File photo: British pound notes.

London - A teaching assistant has been handed a staggering £800 000 (about R11 million) in compensation after she tripped and dislocated a finger at work.

The payout - one of the highest ever awarded in education - was made after Julie Anne Huddart tripped over the waist strap of an empty wheelchair while trying to move it.

Mrs Huddart, 49, dislocated a finger and injured her elbow in the 2003 accident, and has since been diagnosed with “reflex sympathetic dystrophy” - a malfunction of the nervous system that causes pain and swelling.

The married teaching assistant, from Chorley, Lancashire, began a nine-year battle against her local authority for compensation, and earlier in 2012 Lancashire County Council agreed to pay £800 000 in damages and £140 000 in legal costs in an out-of-court settlement.

The award, which sparked fury among war veterans and victims of crime who received substantially less for their injuries, is part of a burgeoning compensation culture among teachers who in 2011 claimed a record £25 million following accidents and employment disputes. Recent payouts include £200 000 for slipping on a grape and £173 595 for dislocating an ankle during playground duty.

A teacher who preferred to take small classes was handed £250 000 after being put in front of a full class, including disruptive pupils, which caused a recurrence of a nervous breakdown.

Yet classroom unions which helped secure the payouts have been vocal in their attacks on spiralling compensation claims from parents who resort to lawyers when their children fall in the playground or have accidents on school trips.

Lancashire council leader Geoff Driver said on Wednesday the award was a “sad reflection on the litigious society we have become”.

Jill Walmsley, the mother of a teenager who was stabbed 35 times and left for dead in a frenzied unprovoked attack in 2010, condemned the payout.

Jessica Knight, now 16, suffered injuries so severe she suffered a stroke and was in a coma for weeks. But the Criminal Injuries Compensation Authority - which can offer victims up to £250 000 - awarded her just £18 895. The family appealed and received a larger payout, but it was still “substantially” less than the award to Mrs Huddart.

Ms Walmsley, from Chorley, Lancashire, said: “Jess didn’t even get a quarter of that sum. It is unbelievable, astronomical. Something that can change your life forever gets a measly sum. A trip and dislocated finger is not going to stop someone from living their life.”

War hero Dave Watson, who lost both legs and his right arm in a bomb blast in Afghanistan, added: “It is bad because we are going out there and our lives can change just like that. It is unfair - we are doing a more dangerous job.”

Mrs Huddart’s payout was one of 12 to school staff in Lancashire alone in 2011, costing taxpayers more than £1.3 million. Other payments included £42 000 to a teacher who pushed a door which did not open, resulting in concussion and an arm injury. The council also had to pay £26 713 in costs.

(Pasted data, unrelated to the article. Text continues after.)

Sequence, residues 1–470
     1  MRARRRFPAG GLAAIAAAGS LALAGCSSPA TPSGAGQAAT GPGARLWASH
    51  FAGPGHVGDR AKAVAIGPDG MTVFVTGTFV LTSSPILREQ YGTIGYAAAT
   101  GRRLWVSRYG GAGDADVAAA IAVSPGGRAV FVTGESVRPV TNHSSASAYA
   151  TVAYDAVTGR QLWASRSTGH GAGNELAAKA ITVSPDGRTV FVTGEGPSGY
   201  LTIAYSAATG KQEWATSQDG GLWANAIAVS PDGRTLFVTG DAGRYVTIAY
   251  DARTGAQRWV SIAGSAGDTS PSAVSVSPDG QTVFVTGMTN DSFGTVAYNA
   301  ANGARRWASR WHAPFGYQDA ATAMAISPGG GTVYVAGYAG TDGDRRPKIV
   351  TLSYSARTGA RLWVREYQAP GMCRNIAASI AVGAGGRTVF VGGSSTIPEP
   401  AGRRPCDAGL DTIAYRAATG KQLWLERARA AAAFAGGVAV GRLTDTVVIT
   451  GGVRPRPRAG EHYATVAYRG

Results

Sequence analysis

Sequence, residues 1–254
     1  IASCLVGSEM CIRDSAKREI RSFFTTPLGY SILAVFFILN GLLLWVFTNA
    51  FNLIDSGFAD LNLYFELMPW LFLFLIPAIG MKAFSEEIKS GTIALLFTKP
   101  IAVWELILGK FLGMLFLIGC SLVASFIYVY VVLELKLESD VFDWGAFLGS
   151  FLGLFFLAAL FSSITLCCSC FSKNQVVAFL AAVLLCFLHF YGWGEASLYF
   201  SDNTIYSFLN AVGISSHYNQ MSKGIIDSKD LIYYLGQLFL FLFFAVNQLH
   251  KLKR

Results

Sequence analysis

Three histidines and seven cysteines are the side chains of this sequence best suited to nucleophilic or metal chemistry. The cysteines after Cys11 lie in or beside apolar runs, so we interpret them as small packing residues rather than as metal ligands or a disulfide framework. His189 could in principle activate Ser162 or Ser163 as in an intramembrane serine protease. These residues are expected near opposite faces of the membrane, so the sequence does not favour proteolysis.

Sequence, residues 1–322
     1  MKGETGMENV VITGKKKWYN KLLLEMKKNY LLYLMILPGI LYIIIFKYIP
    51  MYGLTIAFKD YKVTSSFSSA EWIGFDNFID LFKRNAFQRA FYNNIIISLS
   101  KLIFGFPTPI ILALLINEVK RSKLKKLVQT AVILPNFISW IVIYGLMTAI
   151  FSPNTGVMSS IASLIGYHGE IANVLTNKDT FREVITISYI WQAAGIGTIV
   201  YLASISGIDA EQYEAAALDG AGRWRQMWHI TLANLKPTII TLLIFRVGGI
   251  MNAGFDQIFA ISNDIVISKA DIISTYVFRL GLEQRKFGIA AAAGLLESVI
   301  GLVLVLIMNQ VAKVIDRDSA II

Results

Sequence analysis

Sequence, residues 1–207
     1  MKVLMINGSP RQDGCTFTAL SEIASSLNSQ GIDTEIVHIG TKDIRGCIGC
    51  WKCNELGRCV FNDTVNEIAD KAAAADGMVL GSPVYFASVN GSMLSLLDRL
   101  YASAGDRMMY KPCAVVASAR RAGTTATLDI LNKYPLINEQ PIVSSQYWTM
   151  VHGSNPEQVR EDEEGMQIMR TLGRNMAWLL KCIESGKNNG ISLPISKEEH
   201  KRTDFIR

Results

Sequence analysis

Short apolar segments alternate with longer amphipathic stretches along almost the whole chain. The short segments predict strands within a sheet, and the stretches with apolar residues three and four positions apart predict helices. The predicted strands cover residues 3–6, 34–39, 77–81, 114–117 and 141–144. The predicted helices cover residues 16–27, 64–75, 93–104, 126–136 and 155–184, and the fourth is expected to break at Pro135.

Figures from the three main classroom unions show they secured £25 million in compensation for members in 2011. Most of the cash was paid out following employment disputes, but there were also significant personal injury payouts, including £158 000 for slipping on mud during a fire drill.

Many cases never reached court but were settled using “compromise agreements” - legal agreements to accept compensation rather than pursue a tribunal claim.

Employment payouts included £33 000 to a teacher who was fired for gross misconduct amid allegations she falsified test results, albeit in optional tests. The school “failed to provide any evidence the member’s actions had been deliberate”.

In another case, a teacher with serious criminal convictions dating back 20 years - before she started teaching - was fired after the local council discovered the offences. A tribunal awarded her £35 500.

The growing payouts culture is thought to be partly driven by schools and local authorities settling out of court to minimise their losses, sometimes without properly investigating the claims. And the size and number of payouts have prompted accusations of double standards after unions criticised litigious parents.

In the past, the NASUWT union has lamented that “society no longer appears to accept the concept of a genuine accident” and condemned the “rise of the blame culture”.

It is believed Mrs Huddart has been unable to work since the accident. She lives with husband Aled and two children from a previous marriage in a £200 000 semi-detached home in a residential estate.

Lancashire County Council said the cost to the authority was £100 000 - the rest was covered by its employer’s liability insurance.

Mr Driver added: “We contested this case but liability was decided by the courts.

“It is a sad reflection on the litigious society we have become. There seems to be no such thing as an accident any more; everything is argued to be someone’s fault.”

Jonathan Isaby, of the TaxPayers’ Alliance, said: “Every penny spent on settling these claims means less money spent on educating children.” - Daily Mail